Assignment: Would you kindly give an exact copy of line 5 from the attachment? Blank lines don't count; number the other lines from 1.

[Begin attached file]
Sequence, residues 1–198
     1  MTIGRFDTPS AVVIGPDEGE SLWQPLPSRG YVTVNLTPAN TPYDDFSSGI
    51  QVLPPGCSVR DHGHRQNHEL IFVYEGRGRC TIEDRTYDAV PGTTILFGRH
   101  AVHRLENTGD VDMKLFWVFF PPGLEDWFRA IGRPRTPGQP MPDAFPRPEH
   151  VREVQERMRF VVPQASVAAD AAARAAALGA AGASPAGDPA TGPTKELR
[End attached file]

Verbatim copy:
   151  VREVQERMRF VVPQASVAAD AAARAAALGA AGASPAGDPA TGPTKELR